In her Sept. 20 plenary session at the National Conference on Addiction Disorders (NCAD), women’s treatment expert Stephanie S. Covington, PhD, recalled angry reactions from nearly three decades ago when she told a conference gathering of professionals to discuss topics of violence and sexual abuse with patients.
“When they were saying their clients were not ready, what they were really saying was they were not ready,” said Covington, co-director of the Institute for Relational Development and the Center for Gender and Justice.
Covington’s talk focused on why it is essential for addiction professionals and programs to become trauma-informed, taking clients’ trauma into account and avoiding triggering trauma reactions in the individual.
She emphasized that rather than hesitate to discuss past traumas, clients often are looking for an elusive opportunity to unburden themselves. She recalled the case of a 75-year-old woman who said, “I thought I’d go to my grave carrying this story.”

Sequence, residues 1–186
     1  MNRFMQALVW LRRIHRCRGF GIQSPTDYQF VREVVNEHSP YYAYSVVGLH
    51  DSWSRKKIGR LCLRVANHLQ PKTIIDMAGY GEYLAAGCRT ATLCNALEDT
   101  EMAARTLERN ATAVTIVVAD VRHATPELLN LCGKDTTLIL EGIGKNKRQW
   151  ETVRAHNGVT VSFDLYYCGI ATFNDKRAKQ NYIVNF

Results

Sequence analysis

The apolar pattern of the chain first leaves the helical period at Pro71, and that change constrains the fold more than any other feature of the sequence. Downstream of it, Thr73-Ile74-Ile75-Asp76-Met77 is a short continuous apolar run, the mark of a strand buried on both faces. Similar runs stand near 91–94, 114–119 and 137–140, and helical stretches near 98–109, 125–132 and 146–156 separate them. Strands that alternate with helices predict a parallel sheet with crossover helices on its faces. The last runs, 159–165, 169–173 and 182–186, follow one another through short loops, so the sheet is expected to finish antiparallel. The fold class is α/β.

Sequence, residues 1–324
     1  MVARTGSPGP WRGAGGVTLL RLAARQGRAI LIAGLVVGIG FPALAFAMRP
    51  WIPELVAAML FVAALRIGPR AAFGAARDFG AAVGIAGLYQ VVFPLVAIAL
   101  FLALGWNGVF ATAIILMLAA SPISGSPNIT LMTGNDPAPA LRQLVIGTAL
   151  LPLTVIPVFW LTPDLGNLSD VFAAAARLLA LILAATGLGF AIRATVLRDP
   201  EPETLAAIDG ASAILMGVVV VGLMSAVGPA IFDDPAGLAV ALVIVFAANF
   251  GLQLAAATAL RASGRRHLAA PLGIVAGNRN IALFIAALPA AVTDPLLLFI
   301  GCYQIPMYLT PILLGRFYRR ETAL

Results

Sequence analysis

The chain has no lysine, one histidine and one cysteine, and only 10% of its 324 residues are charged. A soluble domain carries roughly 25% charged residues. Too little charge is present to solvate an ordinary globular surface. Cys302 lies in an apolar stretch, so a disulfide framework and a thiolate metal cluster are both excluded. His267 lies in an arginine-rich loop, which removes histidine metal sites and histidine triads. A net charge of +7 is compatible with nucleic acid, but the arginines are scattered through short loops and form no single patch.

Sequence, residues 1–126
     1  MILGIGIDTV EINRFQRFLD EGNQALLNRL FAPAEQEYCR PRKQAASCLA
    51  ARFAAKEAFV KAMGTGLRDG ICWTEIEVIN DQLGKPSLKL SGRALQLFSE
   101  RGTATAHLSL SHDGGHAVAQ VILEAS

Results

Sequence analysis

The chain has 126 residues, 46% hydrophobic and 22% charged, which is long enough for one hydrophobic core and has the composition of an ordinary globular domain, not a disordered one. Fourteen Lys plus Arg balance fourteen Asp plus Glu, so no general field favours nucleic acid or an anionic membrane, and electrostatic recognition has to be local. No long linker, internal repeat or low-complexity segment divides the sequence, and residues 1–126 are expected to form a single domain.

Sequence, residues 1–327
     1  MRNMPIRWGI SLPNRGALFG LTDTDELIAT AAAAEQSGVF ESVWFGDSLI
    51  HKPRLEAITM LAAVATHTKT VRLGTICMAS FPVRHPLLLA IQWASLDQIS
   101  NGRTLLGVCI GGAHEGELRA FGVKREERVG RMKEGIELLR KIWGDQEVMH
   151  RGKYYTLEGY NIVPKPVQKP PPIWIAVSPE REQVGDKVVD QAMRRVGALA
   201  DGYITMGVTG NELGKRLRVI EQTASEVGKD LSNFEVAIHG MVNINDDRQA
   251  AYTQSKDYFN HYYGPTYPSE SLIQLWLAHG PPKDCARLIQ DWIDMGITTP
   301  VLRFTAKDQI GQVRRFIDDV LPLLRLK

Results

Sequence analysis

Covington described the concept of gender-responsive services as “creating an environment that reflects an understanding of women’s lives, and accounts for their strengths and challenges.” As more services are tailored to these needs for women, more attention is being paid to the trauma-related needs of men as well.
Some of the factors that make a treatment program trauma-sensitive can come down to items as basic as the lighting in a parking lot, the look of a waiting room, or the welcoming voice of a receptionist, Covington said. “When someone comes for help, does it feel like a safe place?” she said.